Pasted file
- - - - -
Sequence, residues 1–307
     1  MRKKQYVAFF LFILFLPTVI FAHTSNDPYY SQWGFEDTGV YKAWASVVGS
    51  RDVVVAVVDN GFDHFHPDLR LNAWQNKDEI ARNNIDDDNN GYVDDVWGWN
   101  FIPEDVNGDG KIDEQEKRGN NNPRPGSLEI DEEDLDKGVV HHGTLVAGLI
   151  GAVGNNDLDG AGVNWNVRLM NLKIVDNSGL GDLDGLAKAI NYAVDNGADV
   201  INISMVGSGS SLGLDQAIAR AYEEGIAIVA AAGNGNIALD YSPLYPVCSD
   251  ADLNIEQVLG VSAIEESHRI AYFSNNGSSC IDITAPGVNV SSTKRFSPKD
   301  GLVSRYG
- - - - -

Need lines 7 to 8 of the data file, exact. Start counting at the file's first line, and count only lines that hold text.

   251  ADLNIEQVLG VSAIEESHRI AYFSNNGSSC IDITAPGVNV SSTKRFSPKD
   301  GLVSRYG